The importance of quality, independent, investigative journalism for bringing clarity to issues cannot be overstated.
During times of political crisis, the perceptions of ordinary audiences may be muddied by partisanship, and by hardship when the crisis is economic. When politics and the economy intertwine, the content of such journalism holds transformational power to nurture the more holistic understanding needed for building bridges across divides and paving way to rationality and solutions.
Never has the potential of such journalism been clearer than this moment in history, one marked by crises everywhere, yet with an open Internet through which to cast content without restriction.
International and local news media have carried stories about the ongoing cost-of-living protests in Kenya. Across all media are dramatic images of mayhem and chaos, with teargas-filled air, street fires, arrests, and other scenes emblematic of demonstrations in young democracies. Local media also carry stories about business-as-usual life happening in parts of the country untouched by the protests.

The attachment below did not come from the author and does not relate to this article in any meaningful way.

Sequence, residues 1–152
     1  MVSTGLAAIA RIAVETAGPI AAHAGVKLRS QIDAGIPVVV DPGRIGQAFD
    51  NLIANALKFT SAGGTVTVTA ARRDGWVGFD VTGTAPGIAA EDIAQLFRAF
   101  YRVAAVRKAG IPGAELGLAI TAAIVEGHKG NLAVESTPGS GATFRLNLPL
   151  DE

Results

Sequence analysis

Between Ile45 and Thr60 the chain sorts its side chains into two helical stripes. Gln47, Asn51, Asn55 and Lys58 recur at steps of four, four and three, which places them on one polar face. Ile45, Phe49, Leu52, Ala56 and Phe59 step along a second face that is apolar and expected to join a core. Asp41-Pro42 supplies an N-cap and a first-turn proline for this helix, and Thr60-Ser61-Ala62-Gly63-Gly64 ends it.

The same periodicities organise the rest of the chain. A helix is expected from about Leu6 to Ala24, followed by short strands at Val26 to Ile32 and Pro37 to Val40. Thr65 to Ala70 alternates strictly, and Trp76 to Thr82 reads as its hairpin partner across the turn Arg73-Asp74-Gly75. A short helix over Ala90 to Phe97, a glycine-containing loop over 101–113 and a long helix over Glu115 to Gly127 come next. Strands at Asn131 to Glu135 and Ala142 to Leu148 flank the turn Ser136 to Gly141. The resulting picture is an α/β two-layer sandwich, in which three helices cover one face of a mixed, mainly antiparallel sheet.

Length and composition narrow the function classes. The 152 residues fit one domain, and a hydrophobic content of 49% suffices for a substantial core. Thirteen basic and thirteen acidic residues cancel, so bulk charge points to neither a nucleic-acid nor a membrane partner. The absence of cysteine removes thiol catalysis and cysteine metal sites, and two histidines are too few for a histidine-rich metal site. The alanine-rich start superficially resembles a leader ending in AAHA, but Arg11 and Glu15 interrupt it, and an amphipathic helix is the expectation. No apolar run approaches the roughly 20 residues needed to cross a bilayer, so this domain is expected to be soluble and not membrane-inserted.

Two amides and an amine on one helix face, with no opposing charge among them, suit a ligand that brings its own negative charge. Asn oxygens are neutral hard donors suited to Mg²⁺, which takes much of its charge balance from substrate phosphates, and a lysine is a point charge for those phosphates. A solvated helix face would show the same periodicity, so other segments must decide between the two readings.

Tucked away on the Internet are a handful of local, independent media houses whose content stands head and shoulders above the rest. They bring in-depth research backed by data and discussions with experts on dimensions of the issues, more numerous than would have been thought possible.
Their coverage results in a more informed audience, able to contribute to the public conversation rationally, in a nuanced manner, from a point of factual knowledge. These outlets, however, remain niche, catering to a more educated and much smaller demographic than mainstream media.
What lessons could mainstream news organisations learn from these outlets’ approach, particularly as concerns reducing polarization of opinions in times of crisis? What lessons are there for mainstream media to increase public trust in their own journalism, and in so doing, attend to a core issue that threatens their viability?
Photo: Local news reporting in Delhi, India. Credit: Sunny Rana Photography/Shutterstock